The very large power output of modern tank engines (typically in excess of 750 kW or 1,000 hp) ensures that they produce a distinct thermal signature. The unusually compact mass of metal of the tank hull dissipates heat in a fashion which contrasts sharply with other objects in the countryside. A moving tank is thus relatively easy to spot by good land-based or aerial infrared scanners. One of the reasons for the one-sided fighting during the Gulf War was that tanks like the M1 Abrams had almost four times the night-time infrared scanning range of T-72s used by the Iraqi army. Another factor in the Gulf War was that, even when camouflaged and not moving, Iraqi tanks at night would cool at a different rate from their surroundings, making thermal detection easier.
Getting a tank to move proved to be important in the Kosovo conflict in 1999. During the initial few weeks of the conflict, NATO air sorties were rather ineffective in destroying Serbian tanks. This changed in the final week of the conflict, when the Kosovo Liberation Army began to engage tanks. Although the KLA had little chance of destroying the tanks, their purpose was to get the tanks to move whereupon they could be more easily identified and destroyed by NATO air power.
The main battle tank is the most heavily armored vehicle in modern armies. Its armor is designed to protect the vehicle and crew against a wide variety of threats. Commonly, protection against KEPs fired by other tanks is considered the most important. Tanks are also vulnerable to ATGMs, antitank mines, large bombs, and direct artillery hits, which can disable or destroy them. Tanks are especially vulnerable to airborne threats. Most modern MBTs do offer near complete protection from artillery fragmentation and lighter antitank weapons such as rocket propelled grenades (RPGs). The amount of armor needed to protect against all conceivable threats from all angles would be far too heavy to be practical, so when designing an MBT much effort goes into finding the right balance between protection and weight.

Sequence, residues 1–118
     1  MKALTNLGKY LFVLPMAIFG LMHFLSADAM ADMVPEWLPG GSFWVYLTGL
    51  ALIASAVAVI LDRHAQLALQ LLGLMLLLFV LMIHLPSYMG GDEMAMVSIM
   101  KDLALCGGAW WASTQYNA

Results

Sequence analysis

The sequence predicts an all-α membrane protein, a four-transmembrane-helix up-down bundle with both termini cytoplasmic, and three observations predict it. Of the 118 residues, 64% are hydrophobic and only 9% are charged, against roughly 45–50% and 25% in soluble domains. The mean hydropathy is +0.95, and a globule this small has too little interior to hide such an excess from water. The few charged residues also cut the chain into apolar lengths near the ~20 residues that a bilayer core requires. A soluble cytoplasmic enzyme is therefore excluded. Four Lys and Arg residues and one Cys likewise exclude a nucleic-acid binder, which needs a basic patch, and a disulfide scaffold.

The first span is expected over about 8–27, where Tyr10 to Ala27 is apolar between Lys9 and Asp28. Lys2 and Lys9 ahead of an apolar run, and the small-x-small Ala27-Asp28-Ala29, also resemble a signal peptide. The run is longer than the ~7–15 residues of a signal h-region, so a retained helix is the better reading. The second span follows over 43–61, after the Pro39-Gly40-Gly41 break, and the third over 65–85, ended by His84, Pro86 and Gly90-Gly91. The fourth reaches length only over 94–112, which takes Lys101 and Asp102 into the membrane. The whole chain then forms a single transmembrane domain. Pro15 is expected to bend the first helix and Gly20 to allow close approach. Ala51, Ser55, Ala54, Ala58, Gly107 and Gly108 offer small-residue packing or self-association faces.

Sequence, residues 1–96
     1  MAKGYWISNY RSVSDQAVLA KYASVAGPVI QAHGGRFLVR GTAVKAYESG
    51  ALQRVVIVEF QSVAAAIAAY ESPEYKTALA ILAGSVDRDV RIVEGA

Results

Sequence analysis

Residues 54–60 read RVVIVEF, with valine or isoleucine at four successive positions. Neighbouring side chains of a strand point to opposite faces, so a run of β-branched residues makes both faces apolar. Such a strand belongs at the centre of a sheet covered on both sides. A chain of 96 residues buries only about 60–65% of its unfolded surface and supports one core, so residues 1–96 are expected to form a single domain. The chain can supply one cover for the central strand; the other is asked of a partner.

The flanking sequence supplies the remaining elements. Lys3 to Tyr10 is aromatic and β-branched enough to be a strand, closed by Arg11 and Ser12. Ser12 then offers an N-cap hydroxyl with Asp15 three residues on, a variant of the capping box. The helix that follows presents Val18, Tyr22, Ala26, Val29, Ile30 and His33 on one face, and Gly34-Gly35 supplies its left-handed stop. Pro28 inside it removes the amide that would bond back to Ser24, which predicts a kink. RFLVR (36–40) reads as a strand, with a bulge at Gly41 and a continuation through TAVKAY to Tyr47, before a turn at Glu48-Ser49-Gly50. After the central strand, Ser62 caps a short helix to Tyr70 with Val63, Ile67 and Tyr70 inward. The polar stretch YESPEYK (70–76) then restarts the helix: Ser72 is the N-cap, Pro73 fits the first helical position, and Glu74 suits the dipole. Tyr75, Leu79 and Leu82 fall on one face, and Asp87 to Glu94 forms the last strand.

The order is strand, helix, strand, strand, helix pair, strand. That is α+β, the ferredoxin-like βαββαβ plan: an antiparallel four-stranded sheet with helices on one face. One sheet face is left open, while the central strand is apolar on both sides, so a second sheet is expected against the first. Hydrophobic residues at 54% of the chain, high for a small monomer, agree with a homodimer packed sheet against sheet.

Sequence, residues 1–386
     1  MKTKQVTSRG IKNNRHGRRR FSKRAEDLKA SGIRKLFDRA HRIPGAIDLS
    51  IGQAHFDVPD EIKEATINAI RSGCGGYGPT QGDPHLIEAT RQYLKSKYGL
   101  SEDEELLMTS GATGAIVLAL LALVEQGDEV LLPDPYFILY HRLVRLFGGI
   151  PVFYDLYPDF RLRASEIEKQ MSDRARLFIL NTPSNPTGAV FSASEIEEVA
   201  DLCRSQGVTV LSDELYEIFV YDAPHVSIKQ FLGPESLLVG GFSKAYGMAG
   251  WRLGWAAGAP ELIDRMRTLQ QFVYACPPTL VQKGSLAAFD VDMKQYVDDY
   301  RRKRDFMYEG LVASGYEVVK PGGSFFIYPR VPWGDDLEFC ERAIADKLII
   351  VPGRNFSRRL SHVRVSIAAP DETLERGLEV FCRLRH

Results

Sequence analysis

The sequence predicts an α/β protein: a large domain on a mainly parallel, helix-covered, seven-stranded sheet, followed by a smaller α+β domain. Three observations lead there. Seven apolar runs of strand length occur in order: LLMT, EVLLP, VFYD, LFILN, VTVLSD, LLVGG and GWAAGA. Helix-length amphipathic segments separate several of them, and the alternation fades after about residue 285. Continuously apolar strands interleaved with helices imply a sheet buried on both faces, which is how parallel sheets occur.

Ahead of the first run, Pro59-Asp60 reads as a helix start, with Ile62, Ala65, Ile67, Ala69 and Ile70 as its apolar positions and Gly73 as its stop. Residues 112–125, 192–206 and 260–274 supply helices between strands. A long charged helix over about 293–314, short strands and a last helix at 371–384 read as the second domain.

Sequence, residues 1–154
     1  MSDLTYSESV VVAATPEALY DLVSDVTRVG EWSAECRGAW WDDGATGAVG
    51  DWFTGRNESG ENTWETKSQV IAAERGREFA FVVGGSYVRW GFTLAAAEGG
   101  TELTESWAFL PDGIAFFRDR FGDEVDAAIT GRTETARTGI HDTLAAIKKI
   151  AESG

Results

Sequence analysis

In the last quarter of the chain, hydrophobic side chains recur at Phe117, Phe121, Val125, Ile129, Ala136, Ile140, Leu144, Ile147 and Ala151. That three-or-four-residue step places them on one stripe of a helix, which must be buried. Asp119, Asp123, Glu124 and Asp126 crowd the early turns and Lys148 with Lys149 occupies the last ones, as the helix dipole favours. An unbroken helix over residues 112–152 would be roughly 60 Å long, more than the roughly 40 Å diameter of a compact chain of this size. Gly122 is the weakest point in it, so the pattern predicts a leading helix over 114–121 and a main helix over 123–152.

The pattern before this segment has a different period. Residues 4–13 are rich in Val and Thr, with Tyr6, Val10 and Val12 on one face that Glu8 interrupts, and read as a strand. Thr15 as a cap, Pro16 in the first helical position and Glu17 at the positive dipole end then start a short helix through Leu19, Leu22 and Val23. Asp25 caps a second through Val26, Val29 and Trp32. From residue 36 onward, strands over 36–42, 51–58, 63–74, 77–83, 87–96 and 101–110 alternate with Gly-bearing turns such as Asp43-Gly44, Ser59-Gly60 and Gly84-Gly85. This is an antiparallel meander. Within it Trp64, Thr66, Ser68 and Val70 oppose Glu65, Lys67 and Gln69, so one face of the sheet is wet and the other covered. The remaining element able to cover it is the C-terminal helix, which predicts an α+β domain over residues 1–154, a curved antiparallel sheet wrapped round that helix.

Most armored fighting vehicles are manufactured of hardened steel plate, or in some cases aluminum. The relative effectiveness of armor is expressed by comparison to rolled homogeneous armor.
Most armored vehicles are best-protected at the front, and their crews always try to keep them pointed toward the likeliest direction of the enemy. The thickest and best-sloped armor is on the glacis plate and the turret front. The sides have less armor, while the rear, belly, and roof are least protected.
Before the Second World War, several tank designers tried sloping the armor on experimental tanks. The most famous and successful example of this approach at the time was the T-34. Angling armor plates greatly increases their effectiveness against projectiles, by increasing the effective perpendicular thickness of the armor, and by increasing the chance of deflection. German tank crews were said to be horrified to find that shots fired at the angled plates of T-34s would sometimes simply ricochet.
During World War II, aircraft rockets earned a formidable reputation, especially in France after the Normandy landings (Operation Neptune); post-war analysis revealed many reported kills were near-misses. Aircraft cannon firing armor-piercing ammunition, such as the Hurribomber's 40mm or Stuka's 37mm, could also be effective.
Today, tanks are vulnerable to specialized top-attack missile weapons and air attack, as well as specialized mines. Even light infantry antitank weapons, however can immobilize a tank by damaging its suspension or track. Many tracked military vehicles have side skirts, intended to protect the suspension.